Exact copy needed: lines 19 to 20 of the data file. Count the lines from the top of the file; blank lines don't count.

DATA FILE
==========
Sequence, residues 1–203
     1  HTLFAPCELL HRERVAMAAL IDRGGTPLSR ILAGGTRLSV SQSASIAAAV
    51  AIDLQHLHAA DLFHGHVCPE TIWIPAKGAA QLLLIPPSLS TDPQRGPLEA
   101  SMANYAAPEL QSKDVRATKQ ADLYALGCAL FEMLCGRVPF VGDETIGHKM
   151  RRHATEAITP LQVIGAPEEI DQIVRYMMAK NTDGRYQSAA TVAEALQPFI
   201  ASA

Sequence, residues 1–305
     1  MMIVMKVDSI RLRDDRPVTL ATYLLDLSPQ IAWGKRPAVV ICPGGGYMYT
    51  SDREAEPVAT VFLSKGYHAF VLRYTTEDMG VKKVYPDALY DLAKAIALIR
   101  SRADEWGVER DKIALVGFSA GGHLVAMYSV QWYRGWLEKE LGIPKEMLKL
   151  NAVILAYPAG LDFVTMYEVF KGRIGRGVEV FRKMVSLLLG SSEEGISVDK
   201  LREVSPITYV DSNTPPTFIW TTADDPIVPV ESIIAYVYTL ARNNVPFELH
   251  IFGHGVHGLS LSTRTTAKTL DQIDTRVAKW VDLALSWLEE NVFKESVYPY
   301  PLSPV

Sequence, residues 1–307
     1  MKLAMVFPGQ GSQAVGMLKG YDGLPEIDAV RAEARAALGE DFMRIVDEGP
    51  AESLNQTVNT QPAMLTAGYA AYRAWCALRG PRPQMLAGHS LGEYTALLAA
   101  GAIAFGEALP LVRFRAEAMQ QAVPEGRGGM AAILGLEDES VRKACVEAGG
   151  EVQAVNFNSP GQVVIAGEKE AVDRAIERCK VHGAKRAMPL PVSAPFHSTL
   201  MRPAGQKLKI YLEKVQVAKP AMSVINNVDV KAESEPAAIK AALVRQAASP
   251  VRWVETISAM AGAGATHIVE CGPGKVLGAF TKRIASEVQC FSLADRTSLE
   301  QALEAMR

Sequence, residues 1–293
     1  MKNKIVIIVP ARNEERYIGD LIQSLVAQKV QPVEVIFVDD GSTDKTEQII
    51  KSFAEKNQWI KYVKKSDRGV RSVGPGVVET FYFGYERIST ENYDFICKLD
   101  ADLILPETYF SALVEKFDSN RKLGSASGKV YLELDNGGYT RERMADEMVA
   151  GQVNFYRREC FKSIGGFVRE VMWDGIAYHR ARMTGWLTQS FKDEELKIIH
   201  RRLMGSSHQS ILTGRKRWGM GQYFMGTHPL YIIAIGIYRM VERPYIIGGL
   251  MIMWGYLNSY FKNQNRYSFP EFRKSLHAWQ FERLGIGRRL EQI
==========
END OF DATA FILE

   151  EVQAVNFNSP GQVVIAGEKE AVDRAIERCK VHGAKRAMPL PVSAPFHSTL
   201  MRPAGQKLKI YLEKVQVAKP AMSVINNVDV KAESEPAAIK AALVRQAASP